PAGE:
No SegWit Bump? Bitcoin Price Shrugs Off Upgrade with Sideways Trading

Bitcoin prices were largely flat on the day's trading, suggesting bitcoin's biggest-ever technical change was already priced in.

AccessTimeIconAug 24, 2017 at 11:00 a.m. UTC
Updated Sep 13, 2021 at 6:51 a.m. UTC
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"SegWit is old news for the market."

So says crypto analyst Petar Zivkovski, and there's evidence to suggest traders largely agree. Despite just completing perhaps its most significant technical upgrade ever, the price of bitcoin is down just under 1% over the last 24 hours of trading.

To Zivkovski, this shows that bitcoin's upgrade, no matter how impactful, was for traders a classic "buy the rumor" event. He speculates much of the price activity in recent months was due to the upgrade – prior to it being clear SegWit would be activated (thereby increasing and redefining network capacity), he notes bitcoin was trading below $2,000.

But before the network adopts the top-level payment networks and other next-generation features enabled by SegWit, Zivkovski expects a run of profit-taking.

Others are less certain here. Arthur Hayes, CEO of bitcoin derivatives exchange BitMEX, said that while the price will likely decline slightly in coming days, he expects it to "zoom higher" in the aftermath of the activation.

"My upside price target is $4,500 then $5,000," he told CoinDesk.

Elsewhere, comments hint that traders are just beginning to understand how cryptographic assets broadly respond to issues related to their technology. Charles Hayter, founder of exchange service CryptoCompare, for instance, chose to view it as the latest data point in an ongoing experiment on the matter.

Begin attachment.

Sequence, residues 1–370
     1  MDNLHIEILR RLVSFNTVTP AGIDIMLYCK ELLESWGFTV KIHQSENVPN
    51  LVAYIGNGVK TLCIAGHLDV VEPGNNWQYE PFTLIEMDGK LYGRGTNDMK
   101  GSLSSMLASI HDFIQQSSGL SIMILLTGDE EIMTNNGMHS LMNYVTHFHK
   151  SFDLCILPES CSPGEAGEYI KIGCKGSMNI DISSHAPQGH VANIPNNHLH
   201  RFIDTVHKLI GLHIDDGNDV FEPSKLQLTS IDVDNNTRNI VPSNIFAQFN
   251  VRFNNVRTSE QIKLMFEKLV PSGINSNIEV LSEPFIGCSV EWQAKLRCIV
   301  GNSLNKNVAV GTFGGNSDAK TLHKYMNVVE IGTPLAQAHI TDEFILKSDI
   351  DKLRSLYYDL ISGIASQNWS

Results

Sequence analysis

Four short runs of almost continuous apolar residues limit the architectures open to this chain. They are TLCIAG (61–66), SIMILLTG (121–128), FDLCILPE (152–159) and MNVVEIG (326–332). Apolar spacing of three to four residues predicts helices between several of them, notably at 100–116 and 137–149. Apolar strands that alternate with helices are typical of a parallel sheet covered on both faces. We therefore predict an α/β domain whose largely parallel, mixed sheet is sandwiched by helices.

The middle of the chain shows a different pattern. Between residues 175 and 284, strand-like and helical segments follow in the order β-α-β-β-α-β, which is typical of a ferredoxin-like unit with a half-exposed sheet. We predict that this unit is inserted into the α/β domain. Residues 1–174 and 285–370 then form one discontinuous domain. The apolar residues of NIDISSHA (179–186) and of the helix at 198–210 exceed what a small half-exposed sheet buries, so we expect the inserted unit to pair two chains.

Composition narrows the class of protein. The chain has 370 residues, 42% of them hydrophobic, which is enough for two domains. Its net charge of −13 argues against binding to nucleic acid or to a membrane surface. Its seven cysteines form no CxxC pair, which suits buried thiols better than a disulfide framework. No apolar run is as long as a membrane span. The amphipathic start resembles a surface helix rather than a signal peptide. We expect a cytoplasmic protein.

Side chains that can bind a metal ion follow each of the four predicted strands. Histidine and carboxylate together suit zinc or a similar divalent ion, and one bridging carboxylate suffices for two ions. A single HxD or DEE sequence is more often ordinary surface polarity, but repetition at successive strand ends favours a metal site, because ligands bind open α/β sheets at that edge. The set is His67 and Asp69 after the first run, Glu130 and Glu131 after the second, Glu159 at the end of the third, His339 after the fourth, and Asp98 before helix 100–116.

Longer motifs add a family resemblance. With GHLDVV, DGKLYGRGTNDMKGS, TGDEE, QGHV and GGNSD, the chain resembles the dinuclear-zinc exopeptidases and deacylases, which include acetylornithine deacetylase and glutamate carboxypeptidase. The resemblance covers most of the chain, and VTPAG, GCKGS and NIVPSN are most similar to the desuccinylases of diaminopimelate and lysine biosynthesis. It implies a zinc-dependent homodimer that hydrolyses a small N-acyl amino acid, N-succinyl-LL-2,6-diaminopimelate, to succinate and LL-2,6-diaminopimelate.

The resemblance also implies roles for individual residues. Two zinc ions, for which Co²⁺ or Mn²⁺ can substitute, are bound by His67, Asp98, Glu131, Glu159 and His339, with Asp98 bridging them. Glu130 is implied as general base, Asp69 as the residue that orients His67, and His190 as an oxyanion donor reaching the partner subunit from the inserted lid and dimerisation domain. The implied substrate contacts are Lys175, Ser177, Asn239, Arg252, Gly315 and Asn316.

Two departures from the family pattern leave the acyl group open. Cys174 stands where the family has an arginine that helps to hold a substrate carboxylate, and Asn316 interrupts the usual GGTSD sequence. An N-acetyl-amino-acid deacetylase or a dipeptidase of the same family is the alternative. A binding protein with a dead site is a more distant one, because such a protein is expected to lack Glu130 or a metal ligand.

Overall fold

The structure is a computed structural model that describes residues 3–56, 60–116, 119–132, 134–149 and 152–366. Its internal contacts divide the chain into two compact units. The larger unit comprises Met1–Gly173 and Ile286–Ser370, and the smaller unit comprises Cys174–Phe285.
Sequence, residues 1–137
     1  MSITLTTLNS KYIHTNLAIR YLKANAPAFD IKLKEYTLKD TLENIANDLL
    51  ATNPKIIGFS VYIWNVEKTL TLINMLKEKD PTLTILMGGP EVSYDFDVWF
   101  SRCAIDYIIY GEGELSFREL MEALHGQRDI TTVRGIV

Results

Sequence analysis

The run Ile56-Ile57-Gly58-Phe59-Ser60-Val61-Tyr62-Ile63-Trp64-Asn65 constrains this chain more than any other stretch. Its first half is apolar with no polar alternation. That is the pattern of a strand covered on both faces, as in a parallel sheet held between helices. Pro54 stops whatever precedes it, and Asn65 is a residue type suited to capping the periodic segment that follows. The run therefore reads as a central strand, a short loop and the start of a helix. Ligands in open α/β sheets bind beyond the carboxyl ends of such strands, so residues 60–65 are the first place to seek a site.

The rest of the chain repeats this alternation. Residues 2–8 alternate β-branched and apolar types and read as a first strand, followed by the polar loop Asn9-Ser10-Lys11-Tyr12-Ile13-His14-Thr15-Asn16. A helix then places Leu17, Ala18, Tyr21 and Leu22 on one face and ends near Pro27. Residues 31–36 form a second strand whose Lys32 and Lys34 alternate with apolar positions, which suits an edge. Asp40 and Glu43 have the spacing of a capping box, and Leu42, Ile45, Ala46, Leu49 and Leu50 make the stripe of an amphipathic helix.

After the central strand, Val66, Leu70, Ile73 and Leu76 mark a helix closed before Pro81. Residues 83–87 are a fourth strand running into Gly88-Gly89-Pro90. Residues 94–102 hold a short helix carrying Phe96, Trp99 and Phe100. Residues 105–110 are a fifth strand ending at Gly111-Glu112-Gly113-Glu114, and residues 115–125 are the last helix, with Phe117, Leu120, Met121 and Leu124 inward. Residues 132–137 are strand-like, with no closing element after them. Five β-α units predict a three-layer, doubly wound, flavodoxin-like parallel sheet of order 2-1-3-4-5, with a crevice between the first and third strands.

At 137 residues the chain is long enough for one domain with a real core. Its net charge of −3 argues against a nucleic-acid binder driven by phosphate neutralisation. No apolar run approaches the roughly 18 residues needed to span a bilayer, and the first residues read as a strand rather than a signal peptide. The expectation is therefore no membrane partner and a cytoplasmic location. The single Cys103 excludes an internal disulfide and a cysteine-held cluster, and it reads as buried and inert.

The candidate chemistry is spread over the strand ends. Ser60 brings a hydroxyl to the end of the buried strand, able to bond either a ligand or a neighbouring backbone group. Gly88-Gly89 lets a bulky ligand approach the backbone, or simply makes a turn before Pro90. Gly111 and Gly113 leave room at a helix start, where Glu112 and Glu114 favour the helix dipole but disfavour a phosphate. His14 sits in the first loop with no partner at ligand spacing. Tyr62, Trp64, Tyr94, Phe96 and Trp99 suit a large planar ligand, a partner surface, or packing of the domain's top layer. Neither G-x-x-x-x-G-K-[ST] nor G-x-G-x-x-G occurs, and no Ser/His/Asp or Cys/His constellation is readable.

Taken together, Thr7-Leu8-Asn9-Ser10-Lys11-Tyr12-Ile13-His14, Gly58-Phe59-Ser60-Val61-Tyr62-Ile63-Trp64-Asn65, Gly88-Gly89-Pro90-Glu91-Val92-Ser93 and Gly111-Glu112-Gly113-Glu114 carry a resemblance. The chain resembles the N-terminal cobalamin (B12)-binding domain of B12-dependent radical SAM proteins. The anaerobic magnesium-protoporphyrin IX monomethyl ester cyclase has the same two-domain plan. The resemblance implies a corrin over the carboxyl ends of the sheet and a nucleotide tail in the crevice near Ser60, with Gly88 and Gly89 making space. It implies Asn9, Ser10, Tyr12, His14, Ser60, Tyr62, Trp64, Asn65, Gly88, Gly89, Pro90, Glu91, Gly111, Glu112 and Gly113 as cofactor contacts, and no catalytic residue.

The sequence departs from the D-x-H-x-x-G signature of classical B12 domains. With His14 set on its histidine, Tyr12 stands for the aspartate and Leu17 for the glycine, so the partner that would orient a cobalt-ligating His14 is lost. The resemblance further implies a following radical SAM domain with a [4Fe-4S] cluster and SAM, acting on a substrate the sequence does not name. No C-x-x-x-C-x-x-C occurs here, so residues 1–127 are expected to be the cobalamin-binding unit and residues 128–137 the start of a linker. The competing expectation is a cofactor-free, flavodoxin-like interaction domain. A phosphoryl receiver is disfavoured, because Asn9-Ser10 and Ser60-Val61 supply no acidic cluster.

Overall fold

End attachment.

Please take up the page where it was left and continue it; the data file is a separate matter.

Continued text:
Though he said it's likely to provide a "positive catalyst" long term, he hinted at an uncertain outlook in the coming days, remarking:

"With litecoin we saw a fall after the enaction of SegWit, but with bitcoin cash we saw a price rise on 8MB blocks being mined – its half a dozen of one and half a dozen of the other for bitcoin."

Eyeing future changes

Among analysts there was also a feeling that prices could be locked into the current range until November, when another technical change is anticipated for the network.

Given the controversy around the plan, and the possibility that it could result in the creation of a third major bitcoin asset, Hayes put forward this idea, arguing that while the price could creep above $5,000, it's not likely to go much higher.

Elsewhere, developer and trader Jacob Eliosoff agreed that uncertainty is likely ahead as the market looks to price in those coming changes.

"I predict will be a huge mess and will do at least temporary damage to the price – around the split itself," he said.

Level bubble image via Shutterstock


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